Steven Saylor

Listen to the interview

Bestselling author, Steven Saylor is our guest this week. His latest is the historical novel, THE THRONE OF CAESAR (St. Martin’s Press, February 20, 2018).

Writing On the Air is broadcast each Wednesday from 6-7 pm Central from the KOOP Radio studios in Austin, Texas.  We are heard on 91.7FM KOOP, and online at, and Radio Free America.  Recent episodes are immediately available after the broadcast on Radio Free America. 

You can listen to our past episodes below – simply scroll through the guests, or try the search bar. You can download the interviews from each page. Our podcast is also available on iTunes.  For show updates, be sure and follow us on Facebook and Twitter

We’re glad you’re here, and thanks for listening to our show. 

Steven Saylor is an author of historical novels, short stories and contemporary fiction. His work has been published in 22 languages. His best-known work is his Roma Sub Rosa historical mystery series, set in ancient Rome. The novels’ hero is a detective named Gordianus the Finder, active during the time of Sulla, Cicero, Julius Caesar, and Cleopatra.

The fourteenth and final book in the Roma Sub Rosa series is THE THRONE OF CAESAR (St. Martin’s Press, February 20, 2018), in which Gordianus confronts the Ides of March, 44 B.C., and the most famous murder case in history.

Steven is also the author of the international bestseller ROMA: THE NOVEL OF ANCIENT ROME (2007) and EMPIRE: THE NOVEL OF IMPERIAL ROME (2010). These two epic novels comprise a multi-generational saga that spans the first 1200 years of the city, from Iron Age trading post to the height of empire under Hadrian. A third novel in this series is currently in the reseach stage.

Steven has also written numerous short stories in the Roma Sub Rosa series. The first, “A Will Is a Way,” won the 1993 Robert L. Fish Award from the Mystery Writers of America. All the Gordianus short stories have been collected in two volumes, THE HOUSE OF THE VESTALS (1997) and A GLADIATOR DIES ONLY ONCE (2005).

Outside the Roman books are two novels set in Steven’s native Texas. A  Twist at the End (2000) is based on America’s first recorded serial murders, which terrorized Austin, Texas in 1885. The chief protagonist is young Will Porter, who later became famous as O. Henry. Have You seen Dawn? (2003) is a contemporary thriller set in a small Texas town not unlike the one where Steven grew up. A Twist at the End received the Violet Crown Award from the Writer’s League of Texas.

Steven is an honors graduate of the University of Texas where he studied history and classics. In 2014 Steven was inducted into the Texas Institute of Letters. He is married to Richard Solomon, and they split their time between Berkeley, California and Austin, Texas.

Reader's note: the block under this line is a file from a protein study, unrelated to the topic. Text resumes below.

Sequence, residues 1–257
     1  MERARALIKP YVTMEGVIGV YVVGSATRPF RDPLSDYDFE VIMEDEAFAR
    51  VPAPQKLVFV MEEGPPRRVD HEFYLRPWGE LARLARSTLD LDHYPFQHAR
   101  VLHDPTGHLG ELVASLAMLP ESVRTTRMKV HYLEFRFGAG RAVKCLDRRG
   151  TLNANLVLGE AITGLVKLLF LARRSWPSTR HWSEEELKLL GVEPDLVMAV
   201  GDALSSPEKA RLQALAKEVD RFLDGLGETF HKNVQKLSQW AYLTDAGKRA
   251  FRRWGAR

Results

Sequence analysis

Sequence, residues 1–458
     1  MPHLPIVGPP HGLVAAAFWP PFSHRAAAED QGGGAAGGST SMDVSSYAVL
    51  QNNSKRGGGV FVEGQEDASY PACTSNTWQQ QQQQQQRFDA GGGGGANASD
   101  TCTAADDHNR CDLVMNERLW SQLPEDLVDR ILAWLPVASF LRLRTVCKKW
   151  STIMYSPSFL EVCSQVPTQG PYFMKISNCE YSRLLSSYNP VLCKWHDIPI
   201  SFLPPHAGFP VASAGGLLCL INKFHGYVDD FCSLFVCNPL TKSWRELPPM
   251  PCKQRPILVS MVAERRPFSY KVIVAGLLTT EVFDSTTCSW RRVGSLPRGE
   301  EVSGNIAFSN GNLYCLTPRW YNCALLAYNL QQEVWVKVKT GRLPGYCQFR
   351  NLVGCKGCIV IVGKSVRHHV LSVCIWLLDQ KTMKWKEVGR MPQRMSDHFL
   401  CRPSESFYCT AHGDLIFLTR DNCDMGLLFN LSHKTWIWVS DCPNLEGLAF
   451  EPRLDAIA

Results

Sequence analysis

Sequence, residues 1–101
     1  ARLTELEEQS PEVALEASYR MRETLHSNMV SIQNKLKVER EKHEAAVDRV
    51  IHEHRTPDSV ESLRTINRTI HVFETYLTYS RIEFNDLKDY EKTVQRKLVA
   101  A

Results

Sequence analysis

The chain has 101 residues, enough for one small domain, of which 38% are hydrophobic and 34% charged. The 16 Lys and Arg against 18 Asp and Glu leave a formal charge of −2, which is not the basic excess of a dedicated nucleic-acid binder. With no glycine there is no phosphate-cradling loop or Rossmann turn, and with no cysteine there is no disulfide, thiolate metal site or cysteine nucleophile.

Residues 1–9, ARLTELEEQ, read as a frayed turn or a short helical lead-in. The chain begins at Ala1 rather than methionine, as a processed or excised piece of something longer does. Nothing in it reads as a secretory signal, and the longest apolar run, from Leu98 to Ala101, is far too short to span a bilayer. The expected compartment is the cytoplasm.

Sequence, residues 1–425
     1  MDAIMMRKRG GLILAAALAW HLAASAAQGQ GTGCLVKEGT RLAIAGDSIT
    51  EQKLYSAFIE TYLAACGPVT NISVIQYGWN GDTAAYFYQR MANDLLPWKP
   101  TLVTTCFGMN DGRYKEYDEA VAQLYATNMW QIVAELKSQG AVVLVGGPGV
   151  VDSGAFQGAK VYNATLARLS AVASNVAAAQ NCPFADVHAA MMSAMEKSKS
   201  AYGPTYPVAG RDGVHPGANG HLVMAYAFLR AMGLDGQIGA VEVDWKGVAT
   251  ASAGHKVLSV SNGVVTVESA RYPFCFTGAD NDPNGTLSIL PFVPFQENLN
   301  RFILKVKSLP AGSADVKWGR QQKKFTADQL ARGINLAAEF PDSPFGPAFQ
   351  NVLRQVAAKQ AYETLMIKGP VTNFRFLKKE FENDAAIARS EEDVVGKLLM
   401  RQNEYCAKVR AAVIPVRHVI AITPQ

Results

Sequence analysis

About THE THRONE OF CAESAR (St. Martin’s Press, February 20, 2018)

In The Throne of Caesar, award-winning mystery author Steven Saylor turns to the most famous murder in history: It’s Rome, 44 B.C., and the Ides of March are approaching.

Julius Caesar, appointed dictator for life by the Roman Senate, has pardoned his remaining enemies and rewarded his friends. Now Caesar is preparing to leave Rome with his legions to wage a war of conquest against the Parthian Empire. But he has a few more things to do before he goes.

Gordianus the Finder, after decades of investigating crimes and murders involving the powerful, has been raised to Equestrian rank and has firmly and finally decided to retire. But on the morning of March 10th, he’s first summoned to meet with Cicero and then with Caesar himself. Both have the same request of Gordianus―keep your ear to the ground, ask around, and find out if there are any conspiracies against Caesar’s life. And Caesar has one other matter of vital importance to discuss. Gordianus’s adopted son Meto has long been one of Caesar’s closest confidants. To honor Meto, Caesar plans to bestow on Gordianus an honor which will change not only his life but the destiny of his entire family. It will happen when the Senate next convenes on the 15th of March.

Gordianus must dust off his old skills and see what plots against Julius Caesar, if any, he can uncover. But more than one conspiracy is afoot. The Ides of March is fast approaching and at least one murder is inevitable.